A new problem arises:
Our supply of flour has now been reduced by the Japs and we have been mixing a proportion of ground rice to try and keep up the amount of bread. It also means that in order to save fuel we are now baking on alternate days. But we usually go to the Bakery to do a bit of cleaning and keep us occupied. The trouble is that if the Japs stop releasing supplies our work will finish, there will be no bread for Hospitals, etc. and we will all end up in Sham Shui Po or Stanley camps. Many times I have looked across the Harbour towards the hills of China and thought of escape. I know the area as far as the Border at Shatin or Shautokok but have no knowledge of the interior. But I shall make every endeavour to keep out of the internment camps, where conditions at present are very grim indeed.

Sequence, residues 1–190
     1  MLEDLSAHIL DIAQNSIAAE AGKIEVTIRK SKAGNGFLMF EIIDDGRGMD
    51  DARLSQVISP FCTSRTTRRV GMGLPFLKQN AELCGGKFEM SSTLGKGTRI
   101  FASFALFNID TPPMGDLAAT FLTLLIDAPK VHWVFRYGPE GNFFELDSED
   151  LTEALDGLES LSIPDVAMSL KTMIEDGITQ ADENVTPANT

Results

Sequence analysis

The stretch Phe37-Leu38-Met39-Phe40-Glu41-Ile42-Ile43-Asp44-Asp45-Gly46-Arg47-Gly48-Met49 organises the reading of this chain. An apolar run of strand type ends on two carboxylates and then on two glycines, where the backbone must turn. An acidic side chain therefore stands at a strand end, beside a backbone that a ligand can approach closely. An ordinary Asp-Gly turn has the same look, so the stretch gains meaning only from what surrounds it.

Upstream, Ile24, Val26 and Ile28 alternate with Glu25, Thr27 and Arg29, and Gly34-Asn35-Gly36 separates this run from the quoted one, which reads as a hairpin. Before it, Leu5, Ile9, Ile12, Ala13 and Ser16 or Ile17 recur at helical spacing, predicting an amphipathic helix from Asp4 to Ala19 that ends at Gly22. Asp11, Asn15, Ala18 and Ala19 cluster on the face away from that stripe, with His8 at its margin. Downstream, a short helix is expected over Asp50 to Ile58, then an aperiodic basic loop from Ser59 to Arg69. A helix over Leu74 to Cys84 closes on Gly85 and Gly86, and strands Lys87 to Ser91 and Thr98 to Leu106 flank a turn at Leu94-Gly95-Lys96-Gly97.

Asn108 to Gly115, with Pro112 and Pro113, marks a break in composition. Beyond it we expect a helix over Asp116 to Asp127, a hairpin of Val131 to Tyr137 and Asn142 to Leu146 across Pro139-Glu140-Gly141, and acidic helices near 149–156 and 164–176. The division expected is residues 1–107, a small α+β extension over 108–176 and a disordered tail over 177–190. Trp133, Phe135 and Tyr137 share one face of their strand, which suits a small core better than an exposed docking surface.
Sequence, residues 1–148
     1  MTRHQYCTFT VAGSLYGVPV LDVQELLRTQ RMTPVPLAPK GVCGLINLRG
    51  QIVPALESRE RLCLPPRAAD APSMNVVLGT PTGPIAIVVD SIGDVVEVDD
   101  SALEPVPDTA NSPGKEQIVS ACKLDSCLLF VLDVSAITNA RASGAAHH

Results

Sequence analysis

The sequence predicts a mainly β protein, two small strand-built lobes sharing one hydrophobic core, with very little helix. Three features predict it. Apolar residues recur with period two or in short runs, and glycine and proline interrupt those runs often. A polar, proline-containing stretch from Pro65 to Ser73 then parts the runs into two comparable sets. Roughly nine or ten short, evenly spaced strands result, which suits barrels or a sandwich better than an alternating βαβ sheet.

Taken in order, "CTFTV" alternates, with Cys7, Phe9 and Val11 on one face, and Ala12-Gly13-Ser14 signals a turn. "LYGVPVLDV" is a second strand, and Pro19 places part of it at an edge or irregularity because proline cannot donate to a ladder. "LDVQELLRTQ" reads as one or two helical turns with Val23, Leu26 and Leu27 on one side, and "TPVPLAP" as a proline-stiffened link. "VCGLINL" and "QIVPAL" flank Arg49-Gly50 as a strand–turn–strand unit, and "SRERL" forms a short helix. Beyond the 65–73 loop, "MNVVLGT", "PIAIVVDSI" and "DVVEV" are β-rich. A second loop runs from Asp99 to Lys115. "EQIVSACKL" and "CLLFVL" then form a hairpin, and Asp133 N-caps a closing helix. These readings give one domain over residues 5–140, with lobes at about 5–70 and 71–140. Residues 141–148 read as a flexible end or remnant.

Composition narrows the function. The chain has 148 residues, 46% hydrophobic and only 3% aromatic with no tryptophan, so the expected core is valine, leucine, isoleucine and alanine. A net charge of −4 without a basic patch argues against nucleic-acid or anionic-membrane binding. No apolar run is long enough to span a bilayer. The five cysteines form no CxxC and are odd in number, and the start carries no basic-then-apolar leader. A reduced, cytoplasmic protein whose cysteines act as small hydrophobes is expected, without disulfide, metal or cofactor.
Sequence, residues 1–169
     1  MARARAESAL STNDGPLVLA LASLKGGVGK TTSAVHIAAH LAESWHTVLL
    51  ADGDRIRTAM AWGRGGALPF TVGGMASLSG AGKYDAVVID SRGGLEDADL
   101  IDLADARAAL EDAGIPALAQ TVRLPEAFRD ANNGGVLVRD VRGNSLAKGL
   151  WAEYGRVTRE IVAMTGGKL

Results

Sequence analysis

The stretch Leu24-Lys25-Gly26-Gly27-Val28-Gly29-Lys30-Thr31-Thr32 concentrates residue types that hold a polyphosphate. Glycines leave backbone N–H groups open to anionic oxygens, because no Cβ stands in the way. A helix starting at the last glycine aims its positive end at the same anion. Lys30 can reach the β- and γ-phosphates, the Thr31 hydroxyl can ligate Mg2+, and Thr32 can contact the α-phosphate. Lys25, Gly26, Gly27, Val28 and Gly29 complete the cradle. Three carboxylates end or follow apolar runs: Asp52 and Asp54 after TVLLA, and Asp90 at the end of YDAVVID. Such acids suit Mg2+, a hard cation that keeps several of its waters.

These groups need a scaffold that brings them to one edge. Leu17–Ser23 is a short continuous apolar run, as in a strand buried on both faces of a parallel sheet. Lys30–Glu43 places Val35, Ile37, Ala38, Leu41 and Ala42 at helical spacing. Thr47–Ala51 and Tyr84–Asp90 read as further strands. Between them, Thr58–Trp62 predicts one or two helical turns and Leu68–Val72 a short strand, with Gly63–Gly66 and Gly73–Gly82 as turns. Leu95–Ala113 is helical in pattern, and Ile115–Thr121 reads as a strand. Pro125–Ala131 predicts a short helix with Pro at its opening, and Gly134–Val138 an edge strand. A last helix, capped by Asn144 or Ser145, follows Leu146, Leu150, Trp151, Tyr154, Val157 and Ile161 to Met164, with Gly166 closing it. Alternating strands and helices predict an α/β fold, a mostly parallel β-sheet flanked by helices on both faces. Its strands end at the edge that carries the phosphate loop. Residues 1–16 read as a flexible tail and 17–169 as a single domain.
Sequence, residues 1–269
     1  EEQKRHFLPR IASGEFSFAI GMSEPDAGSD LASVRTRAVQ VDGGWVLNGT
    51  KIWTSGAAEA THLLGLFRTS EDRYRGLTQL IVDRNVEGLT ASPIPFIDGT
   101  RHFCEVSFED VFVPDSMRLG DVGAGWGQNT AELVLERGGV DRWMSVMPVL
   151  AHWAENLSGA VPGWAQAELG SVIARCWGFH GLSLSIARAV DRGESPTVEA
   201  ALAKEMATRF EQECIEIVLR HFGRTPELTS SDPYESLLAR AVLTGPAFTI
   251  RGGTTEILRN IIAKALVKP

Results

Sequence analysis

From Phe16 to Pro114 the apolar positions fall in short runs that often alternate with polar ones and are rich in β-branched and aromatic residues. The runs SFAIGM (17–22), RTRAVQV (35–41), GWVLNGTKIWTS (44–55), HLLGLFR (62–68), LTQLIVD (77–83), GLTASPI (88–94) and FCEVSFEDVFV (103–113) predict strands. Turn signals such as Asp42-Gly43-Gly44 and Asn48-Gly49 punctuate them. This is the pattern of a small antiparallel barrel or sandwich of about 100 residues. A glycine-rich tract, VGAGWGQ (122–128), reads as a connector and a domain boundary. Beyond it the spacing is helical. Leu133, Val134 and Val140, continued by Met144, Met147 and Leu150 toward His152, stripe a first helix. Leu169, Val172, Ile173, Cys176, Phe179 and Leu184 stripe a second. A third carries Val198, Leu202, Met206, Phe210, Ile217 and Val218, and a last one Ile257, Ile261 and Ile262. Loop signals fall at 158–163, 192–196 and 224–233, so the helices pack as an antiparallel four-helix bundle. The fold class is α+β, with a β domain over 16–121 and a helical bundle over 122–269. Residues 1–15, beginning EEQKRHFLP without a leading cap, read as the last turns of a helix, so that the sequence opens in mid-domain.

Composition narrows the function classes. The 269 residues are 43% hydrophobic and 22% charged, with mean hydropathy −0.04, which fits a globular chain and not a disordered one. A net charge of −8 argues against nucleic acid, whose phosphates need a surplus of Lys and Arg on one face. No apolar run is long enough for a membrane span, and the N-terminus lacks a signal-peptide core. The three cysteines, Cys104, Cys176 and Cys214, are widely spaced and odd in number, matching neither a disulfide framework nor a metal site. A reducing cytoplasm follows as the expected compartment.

But there are people willing to help as well and the plan takes final shape:
The manager of the Ching Loong Bakery, Mr Ng, and his wife have been very kind to us four bakers. They have treated us to a Chinese meal a few times. Mrs Ng has given us socks, handkerchiefs, and soap, and Mr Ng has even offered money if we need it. ((After the war Ng was awarded a Certificate for his role in helping Staff-Sergeant Sheridan to escape.))
At the French Hospital some evenings we have a little entertainment. A Eurasian named Stott plays the violin, a Chinese medical student plays the piano. ((R. E. Stott, who was not in fact Eurasian although he did consider posing as one, escaped from the French Hospital on August 11, 1942.))